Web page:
Kids are at their cutest when role playing, the things they do, the way they talk and even move gives us as parents an insight into their understanding of the world, their likes and dislikes and shines a light on just how perceptive they are.
Watching my kids pretend to be mum has left me beaming with pride, cringing in confusion, laughing out loud or wondering – WHERE DID THAT COME FROM!!
While dress ups and specialised props are great fun, the best thing about role playing is that it only requires one thing. The one thing all children have in unlimited supply – IMAGINATION! Even friends are not an essential requirement of a fun role play game.
And with that, the benefits of role play are almost unlimited the 10 key benefits as published by Kallikids.com are;
Develops communication and language skills
Allows children to act out and make sense of real-life situations
Allows children to explore, investigate and experiment
Develops social skills as children collaborate with others
Encourages children to empathises: by taking on the role of character teaches children an understanding of different perspectives.
Helps children learn about different cultures
Encourages children to express their ideas and feelings in a relaxed environment
Develops children's awareness of themselves and others
Gets children learning more as learning is disguised as play
Sparks creativity and imagination
My favourite of all these is that role play helps kids learn empathy. The digital, faceless world children are now growing up in with it’s easy “redo”, “delete”, “restart” etc makes learning empathy allot harder. One of my girls is 8year old and loves an on line social game where her avatar can interact with avatars of other people. On the face of it, having characters that interact with others that belong to real people should be more interesting and challenging than playing with only digital characters but I have found that due to the “harmless” nature of their playing field, bullying is pretty much all that goes on. There is even an option in some of the play areas to kill the other players and you are the winner if you are the last to survive. Needless to say this game is now only allowed under supervision and killing is strictly off limits.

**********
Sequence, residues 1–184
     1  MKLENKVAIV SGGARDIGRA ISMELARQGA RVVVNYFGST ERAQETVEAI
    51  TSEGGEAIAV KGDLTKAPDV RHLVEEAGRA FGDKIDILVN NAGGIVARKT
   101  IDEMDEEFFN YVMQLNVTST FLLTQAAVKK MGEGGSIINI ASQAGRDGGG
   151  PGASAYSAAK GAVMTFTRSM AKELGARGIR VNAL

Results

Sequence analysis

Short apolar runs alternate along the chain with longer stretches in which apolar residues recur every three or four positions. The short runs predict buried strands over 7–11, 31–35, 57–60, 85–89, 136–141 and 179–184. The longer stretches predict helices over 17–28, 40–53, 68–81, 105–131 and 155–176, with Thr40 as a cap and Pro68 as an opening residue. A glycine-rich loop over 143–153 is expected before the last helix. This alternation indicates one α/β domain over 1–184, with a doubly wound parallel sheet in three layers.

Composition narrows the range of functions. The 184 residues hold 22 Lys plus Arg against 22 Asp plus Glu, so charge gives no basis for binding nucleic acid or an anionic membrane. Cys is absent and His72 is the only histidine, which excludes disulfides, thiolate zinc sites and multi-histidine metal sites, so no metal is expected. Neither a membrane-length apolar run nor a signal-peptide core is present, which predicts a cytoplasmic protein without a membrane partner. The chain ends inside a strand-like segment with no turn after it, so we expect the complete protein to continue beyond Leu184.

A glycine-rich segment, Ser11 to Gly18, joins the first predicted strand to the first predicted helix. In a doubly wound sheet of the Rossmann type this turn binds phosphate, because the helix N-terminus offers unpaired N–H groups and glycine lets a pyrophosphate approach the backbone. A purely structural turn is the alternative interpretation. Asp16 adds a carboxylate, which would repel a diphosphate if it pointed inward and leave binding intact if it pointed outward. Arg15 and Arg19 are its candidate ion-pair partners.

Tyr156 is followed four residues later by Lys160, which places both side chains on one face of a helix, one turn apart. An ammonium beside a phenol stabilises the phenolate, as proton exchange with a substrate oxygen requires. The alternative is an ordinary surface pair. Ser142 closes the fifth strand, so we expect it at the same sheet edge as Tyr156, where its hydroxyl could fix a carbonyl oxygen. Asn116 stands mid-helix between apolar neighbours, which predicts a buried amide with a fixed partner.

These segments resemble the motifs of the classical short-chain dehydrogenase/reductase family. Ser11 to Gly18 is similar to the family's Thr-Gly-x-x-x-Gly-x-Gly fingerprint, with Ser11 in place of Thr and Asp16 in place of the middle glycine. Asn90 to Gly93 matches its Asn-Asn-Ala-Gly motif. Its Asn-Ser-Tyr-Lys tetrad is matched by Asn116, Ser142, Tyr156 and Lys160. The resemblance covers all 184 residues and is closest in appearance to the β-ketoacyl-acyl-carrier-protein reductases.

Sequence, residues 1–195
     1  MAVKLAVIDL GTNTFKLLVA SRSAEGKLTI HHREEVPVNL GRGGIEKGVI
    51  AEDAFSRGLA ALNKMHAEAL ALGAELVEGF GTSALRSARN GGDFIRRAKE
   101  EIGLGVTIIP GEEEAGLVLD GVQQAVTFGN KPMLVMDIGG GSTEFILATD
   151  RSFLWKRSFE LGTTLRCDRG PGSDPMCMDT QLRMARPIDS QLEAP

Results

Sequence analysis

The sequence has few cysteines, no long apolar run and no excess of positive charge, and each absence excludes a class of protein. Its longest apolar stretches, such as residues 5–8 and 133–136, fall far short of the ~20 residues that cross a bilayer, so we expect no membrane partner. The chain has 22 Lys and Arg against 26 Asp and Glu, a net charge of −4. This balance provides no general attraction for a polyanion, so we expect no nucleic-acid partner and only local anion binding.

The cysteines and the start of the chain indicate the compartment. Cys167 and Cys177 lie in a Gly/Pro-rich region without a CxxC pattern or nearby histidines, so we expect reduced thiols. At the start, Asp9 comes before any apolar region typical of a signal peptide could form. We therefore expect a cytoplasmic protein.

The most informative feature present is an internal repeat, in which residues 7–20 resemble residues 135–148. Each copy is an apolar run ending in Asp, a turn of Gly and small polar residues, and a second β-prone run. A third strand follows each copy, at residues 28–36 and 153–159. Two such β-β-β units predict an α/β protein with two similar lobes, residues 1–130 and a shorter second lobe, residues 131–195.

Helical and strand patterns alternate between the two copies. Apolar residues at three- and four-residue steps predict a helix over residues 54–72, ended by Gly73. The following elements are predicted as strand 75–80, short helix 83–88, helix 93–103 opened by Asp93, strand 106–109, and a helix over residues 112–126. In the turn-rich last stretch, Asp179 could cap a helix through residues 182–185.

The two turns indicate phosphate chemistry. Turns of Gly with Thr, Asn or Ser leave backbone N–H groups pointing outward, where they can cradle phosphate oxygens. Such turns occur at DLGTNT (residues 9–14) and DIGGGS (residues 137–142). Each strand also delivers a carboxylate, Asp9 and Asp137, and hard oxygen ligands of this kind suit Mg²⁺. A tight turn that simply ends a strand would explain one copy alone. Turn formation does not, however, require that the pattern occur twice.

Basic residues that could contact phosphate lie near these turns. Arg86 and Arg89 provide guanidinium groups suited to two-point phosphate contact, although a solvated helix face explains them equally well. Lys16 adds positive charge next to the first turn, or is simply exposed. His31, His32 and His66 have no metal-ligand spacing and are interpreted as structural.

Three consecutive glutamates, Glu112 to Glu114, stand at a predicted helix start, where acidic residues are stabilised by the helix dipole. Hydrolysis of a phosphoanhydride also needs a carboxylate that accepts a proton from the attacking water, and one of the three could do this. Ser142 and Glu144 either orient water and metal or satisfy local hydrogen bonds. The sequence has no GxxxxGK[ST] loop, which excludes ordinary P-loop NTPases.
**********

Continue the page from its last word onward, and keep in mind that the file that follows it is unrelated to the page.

Banning our kids from the digital world is probably not realistic, but I believe encouraging them to bring their role play out of the digital world and into the real world can help make them better people. Thankfully, dressing up and role playing is also a favourite pastime for my kids so we aim for a healthy balance of both.